During Joe Biden’s recent remarks on Thursday about the economic progress of the United States since he took office, he mentioned, “And, by the way, in case you were wondering, I’ve been saying this for the last 400 years I’ve been in office.”
This isn’t the first time the President has said something like this. In the past, he stated that he’d joined the Senate 180 years ago.
The President went on to say, “Just this morning, we got some very good news about the American economy…I’m not sure if the news could have been any better. Economic growth is up, stronger than experts expected; at 2.9 percent, we’re growing…Wages are up, and they’re growing faster than inflation. Over the past six months, inflation has gone down every month…Manufacturing jobs continue to go up, stronger than at any time in the last 40 years. And I don’t think it’s unfair to say that this is all evidence that the Biden economic plan, because of you all, is actually working.”
On Sunday, Biden took to Twitter to express his satisfaction with his administration’s achievements, saying, “With unemployment at a record low and the two strongest years of job creation in our history, I know America’s best days are ahead.”
Despite this optimism, many Americans may not see things this way as they continue to struggle to make ends meet during a period of rising prices and economic downturn.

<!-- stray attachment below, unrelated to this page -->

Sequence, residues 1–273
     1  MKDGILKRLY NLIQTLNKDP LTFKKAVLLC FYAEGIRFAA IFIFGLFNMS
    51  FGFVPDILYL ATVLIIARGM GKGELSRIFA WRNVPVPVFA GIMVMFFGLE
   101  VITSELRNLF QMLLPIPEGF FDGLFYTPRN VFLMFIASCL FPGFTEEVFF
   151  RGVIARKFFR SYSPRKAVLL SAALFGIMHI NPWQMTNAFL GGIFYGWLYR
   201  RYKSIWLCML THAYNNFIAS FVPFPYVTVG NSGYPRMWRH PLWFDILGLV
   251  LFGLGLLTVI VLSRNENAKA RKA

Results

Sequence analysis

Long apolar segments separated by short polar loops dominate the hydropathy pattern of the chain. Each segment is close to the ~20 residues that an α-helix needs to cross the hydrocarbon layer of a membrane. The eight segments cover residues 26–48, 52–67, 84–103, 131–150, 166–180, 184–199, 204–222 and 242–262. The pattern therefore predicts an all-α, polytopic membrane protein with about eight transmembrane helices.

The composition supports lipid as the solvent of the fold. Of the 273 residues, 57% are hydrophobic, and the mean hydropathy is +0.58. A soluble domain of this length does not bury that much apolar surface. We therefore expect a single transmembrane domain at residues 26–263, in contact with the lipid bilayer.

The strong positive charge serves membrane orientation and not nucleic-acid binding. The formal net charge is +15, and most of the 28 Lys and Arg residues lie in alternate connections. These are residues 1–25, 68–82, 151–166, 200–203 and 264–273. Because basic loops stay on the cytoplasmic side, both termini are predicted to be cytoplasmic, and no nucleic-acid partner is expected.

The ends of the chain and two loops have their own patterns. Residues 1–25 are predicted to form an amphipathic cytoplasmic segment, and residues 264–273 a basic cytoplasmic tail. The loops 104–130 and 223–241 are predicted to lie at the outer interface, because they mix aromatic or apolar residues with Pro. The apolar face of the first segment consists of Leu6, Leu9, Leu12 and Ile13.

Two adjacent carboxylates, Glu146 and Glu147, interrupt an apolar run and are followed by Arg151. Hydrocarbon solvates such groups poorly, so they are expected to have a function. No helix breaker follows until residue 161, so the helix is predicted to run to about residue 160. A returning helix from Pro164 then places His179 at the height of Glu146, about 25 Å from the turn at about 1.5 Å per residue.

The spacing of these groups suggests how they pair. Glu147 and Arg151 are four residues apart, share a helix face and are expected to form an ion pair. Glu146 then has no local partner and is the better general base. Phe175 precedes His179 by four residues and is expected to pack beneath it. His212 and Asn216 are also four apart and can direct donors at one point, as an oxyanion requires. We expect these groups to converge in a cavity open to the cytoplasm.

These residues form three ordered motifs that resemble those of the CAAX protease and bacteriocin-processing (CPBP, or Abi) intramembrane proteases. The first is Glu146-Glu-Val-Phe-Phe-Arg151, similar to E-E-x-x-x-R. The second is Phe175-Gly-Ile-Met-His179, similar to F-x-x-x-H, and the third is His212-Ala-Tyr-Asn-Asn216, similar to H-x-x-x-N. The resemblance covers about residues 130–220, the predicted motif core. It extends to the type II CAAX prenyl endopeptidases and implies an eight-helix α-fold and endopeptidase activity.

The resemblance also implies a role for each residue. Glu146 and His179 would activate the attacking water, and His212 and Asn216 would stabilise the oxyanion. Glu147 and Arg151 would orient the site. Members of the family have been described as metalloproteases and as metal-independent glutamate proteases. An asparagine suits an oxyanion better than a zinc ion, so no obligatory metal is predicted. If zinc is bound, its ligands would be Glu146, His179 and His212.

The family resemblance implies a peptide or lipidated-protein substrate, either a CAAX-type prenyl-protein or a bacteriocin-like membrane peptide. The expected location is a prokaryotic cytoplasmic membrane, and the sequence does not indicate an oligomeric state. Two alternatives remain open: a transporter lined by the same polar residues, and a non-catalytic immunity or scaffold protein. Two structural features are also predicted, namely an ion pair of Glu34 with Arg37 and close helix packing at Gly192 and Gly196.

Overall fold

Many individuals face job losses as a slew of layoffs has affected workers at both big and small businesses.
According to a report on global trends by the International Labor Organization, it is projected that the global unemployment rate will increase by 3 million, reaching a total of 208 million in 2023.
ResumeBuilder.com reports that one in three companies expects to lay off 30% or more of their employees, while six out of ten companies anticipate laying off employees in 2023.
After conducting a study of 1,000 business leaders, ResumeBuilder.com found that a whopping 61% of business leaders expect layoffs in 2023, and 70% of companies are looking to execute a hiring freeze in the same year.
Many people also continue having difficulties affording basic necessities such as food and housing.
The cost of living has increased significantly compared to last year, with the headline consumer price index rising by 6.5% as of December, according to the Labor Department.
Some items, such as eggs, have more than doubled in price.
Despite some prices falling, the overall trend is that prices are not falling, but rather the rate of increase is slowing.
Overall, the economy has yet to fully recover from the impact of the disease outbreak, and concerns about a potential recession remain prevalent. The World Bank has warned that the global economy may be headed toward a recession, and the ongoing issues of stagflation, job losses, and bankruptcies in the U.S. paint a bleak picture for the country’s economic growth prospects.